THE ACTIONS of three Shetland residents in helping to rescue a man from the water in Lerwick Harbour late at night have been recognised with the presentation of Royal Humane Society bravery awards.
The Lerwick Port Authority port controller who jumped into the water, Ryan Leith, has received the Royal Humane Society’s testimonial on vellum, while local musician Maurice Henderson, and police sergeant Victoria Duthie received certificates of commendation.
The testimonial on vellum is one of the society’s top awards and recognises risk taken by an individual in a rescue.
The presentations were made by Lerwick Port Authority chairman, Brian Anderson on behalf of the society. He said: “All three are to be congratulated on their quick thinking and actions in a risky situation. They are an example to all of us and well-deserve the recognition.”
The lifesavers have also won the personal praise of society secretary Dick Wilkinson.
He said: “Ryan Leith was undoubtedly the right person in the right place at the right time. Thankfully, although it was dark and conditions were not particularly good, he spotted what was happening and took immediate action.
“And, thanks to the efforts he, Victoria Duthie and Maurice Henderson put in, a life was saved. As it was, the three of them worked marvellously as a team. All three richly deserve the awards.”
The water was cold and choppy when the incident occurred shortly before midnight on 24 November last year at Alexandra Wharf where there is a 2.5 metre drop from the tyre fender-faced quay to water.
The Royal Humane Society citation reads in part:
“Mr Leith had just started his night shift as a port controller when, around 11.30pm, he saw a woman on the edge of Alexandra Wharf about 120 metres away and a man’s head appear above the edge, then disappear. Alerting police and coastguard, he ran to the site. The man and woman were distressed and holding onto tyres.
“With temporary sergeant Duthie in attendance and speaking to the man, Mr Leith called the coastguard to send a lifeboat (later cancelled), then collected life-saving kit, including a life ring. He lowered it to the man, now in the water, while the woman had climbed back onto the jetty.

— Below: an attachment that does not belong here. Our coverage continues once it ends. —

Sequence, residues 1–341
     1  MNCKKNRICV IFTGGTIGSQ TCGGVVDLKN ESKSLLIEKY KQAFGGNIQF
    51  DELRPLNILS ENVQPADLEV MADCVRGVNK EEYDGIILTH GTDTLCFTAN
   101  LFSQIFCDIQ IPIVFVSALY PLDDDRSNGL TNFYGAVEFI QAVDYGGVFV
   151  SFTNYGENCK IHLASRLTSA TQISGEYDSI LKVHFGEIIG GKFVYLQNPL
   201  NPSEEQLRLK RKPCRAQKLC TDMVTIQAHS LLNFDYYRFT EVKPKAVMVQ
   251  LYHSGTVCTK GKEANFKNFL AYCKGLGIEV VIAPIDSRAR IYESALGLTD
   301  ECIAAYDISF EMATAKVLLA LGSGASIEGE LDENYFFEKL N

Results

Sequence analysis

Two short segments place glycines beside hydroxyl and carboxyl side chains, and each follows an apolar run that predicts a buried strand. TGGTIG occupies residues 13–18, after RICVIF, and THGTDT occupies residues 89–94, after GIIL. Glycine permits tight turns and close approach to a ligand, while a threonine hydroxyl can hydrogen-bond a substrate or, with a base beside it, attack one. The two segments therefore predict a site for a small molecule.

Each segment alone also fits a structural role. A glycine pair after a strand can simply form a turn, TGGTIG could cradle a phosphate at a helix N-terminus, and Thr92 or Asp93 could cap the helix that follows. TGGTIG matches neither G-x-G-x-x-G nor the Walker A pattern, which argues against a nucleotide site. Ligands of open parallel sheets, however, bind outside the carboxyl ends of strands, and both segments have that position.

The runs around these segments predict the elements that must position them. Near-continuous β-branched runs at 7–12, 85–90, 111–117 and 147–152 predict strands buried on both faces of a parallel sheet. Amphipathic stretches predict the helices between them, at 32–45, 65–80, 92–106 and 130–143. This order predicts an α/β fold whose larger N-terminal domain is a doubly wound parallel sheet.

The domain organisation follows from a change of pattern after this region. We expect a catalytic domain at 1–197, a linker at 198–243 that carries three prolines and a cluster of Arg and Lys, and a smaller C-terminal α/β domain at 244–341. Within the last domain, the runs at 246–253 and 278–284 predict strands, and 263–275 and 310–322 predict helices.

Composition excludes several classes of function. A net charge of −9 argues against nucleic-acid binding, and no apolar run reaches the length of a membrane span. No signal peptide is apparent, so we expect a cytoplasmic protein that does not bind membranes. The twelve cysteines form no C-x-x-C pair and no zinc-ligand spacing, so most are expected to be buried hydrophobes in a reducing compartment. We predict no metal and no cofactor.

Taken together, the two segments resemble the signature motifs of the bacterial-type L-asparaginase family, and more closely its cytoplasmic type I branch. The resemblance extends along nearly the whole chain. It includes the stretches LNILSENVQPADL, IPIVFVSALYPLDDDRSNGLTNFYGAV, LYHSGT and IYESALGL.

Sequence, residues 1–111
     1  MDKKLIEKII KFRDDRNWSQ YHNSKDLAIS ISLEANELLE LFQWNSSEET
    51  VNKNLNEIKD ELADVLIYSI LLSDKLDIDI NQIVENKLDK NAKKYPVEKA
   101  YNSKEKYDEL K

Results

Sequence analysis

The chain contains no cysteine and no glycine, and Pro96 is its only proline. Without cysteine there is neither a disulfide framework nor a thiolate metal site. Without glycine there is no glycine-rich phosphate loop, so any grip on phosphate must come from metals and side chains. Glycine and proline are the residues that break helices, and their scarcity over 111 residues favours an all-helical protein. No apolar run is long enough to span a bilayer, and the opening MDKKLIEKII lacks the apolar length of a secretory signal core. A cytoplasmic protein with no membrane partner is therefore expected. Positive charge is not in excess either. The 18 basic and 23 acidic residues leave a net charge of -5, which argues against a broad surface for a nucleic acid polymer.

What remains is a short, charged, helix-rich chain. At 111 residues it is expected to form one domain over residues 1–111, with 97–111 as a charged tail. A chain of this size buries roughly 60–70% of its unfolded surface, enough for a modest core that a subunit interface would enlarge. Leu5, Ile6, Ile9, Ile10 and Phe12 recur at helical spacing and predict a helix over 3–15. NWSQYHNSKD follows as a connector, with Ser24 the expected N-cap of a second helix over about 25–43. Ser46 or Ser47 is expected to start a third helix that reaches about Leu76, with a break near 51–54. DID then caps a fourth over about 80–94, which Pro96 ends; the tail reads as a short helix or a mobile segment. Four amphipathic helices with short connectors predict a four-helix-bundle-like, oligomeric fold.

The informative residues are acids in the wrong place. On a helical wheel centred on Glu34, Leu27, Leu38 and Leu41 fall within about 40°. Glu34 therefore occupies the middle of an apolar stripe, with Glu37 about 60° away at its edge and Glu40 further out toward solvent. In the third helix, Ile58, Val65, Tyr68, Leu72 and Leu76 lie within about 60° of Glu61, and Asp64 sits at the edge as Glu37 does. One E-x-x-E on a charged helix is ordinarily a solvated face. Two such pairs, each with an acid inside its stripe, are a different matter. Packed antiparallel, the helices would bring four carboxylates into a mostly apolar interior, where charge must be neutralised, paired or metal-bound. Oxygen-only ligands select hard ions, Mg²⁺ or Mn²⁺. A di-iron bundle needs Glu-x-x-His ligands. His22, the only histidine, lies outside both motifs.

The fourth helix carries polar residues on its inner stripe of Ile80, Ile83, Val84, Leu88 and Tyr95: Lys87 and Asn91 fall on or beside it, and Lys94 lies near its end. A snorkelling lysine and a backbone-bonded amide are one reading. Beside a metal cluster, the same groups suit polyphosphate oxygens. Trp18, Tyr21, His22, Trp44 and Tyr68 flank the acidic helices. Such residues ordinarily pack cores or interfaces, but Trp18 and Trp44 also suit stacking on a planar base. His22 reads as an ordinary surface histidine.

“Having been persuaded to grab the ring and being pulled towards a ladder by Mr Leith, the man dropped the ring and grabbed the tyres, but became unresponsive. Passing motorist Mr Henderson was flagged down. Mr Leith jumped into the water to support the man while Mr Henderson towed them to the ladder. All three rescuers then helped the man up to the quay from where he was taken by ambulance to hospital and later discharged. After going home for a shower, Mr Leith returned to duty at 1.15am.”
Become a supporter of Shetland News
Shetland News is asking its many readers to consider start paying for their dose of the latest local news delivered straight to their PC, tablet or mobile phone.
Journalism comes at a price and because that price is not being paid in today’s rapidly changing media world, most publishers - national and local - struggle financially despite very healthy audience figures.
Most online publishers have started charging for access to their websites, others have chosen a different route. Shetland News currently has over 540 supporters who are all making small voluntary financial contributions. All funds go towards covering our cost and improving the service further.
Your contribution will ensure Shetland News can: -
- Bring you the headlines as they happen;
- Stay editorially independent;
- Give a voice to the community;
- Grow site traffic further;
- Research and publish more in-depth news, including more Shetland Lives features.
If you appreciate what we do and feel strongly about impartial local journalism, then please become a supporter of Shetland News by either making a single payment or monthly subscription.
Support us from as little as £3 per month – it only takes a minute to sign up. Thank you.Support Shetland News